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January 31, 2020

Weather Radar Records Drastic Drop in Mayfly Populations

Mayfly

At the beginning of each summer, mayfly larvae emerge from bodies of water and shed their skin to become full-fledged mayflies, similar to how caterpillars become butterflies. Then, all at once, a swarm of these insects simultaneously takes flight to reproduce, acting as an important component in the food chain for birds. 

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January 14, 2020

OU Launches $9 Million Research Collaboration with Peruvian University

Tomas Diaz de la Rubia

The University of Oklahoma has entered an agreement to develop a $9 million program of joint research with Universidad Nacional de San Agustín, one of Peru’s largest and oldest public research universities. 

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January 14, 2020

U.S. HUPO Honors OU Researcher with New Investigator Award

Professor Si Wu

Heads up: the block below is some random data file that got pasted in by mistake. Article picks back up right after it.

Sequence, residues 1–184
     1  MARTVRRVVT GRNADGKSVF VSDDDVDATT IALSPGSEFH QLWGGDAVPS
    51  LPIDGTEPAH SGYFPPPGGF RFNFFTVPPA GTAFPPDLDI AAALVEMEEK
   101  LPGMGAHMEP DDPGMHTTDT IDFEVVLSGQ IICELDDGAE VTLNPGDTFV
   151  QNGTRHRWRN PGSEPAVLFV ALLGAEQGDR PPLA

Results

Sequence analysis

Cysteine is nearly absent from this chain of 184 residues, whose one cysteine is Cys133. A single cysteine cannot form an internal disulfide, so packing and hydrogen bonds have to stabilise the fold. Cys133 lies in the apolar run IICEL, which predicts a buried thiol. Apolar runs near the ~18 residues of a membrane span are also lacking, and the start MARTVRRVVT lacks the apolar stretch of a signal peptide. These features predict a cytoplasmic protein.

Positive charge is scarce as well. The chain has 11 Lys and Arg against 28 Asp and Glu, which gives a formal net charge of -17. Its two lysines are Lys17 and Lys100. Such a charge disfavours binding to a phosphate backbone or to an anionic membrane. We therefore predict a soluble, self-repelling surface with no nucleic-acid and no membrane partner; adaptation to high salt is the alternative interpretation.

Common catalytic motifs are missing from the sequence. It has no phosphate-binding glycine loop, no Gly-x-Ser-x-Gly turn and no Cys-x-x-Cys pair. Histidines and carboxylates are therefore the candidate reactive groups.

University of Oklahoma researcher Si Wu has been selected as a winner of the Robert J. Cotter New Investigator Award, presented by the U.S. Human Proteome Organization. 

The award is presented to individuals early in their careers in recognition of significant achievements in proteomics, or the large-scale study of proteins. 

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January 11, 2020

University of Oklahoma Research Team Helps Weather-Weary Ag Industry

summer storm clouds over wheat field

You don’t have to look far to find news, opinions and studies about our world’s changing climate and its effects on humans. But what is less accessible is how a changing climate impacts beef cattle production. A team of scientists and researchers from across the region set out to answer this and other questions during the Great Plains Grazing project funded by the U.S. Department of Agriculture. 

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January 8, 2020

Cancer Researcher Receives OU’s First National Institutes of Health MERIT (R37) Award to Develop Precision Radiation Delivery Tool

cancer cells

The quest to conquer cancer is motivating a team of researchers at the University of Oklahoma to develop a 3D scanner capable of guiding the radiation treatment, dispensing just the right amount of radiation to just the precise location, making real-time adjustments as treatment is delivered.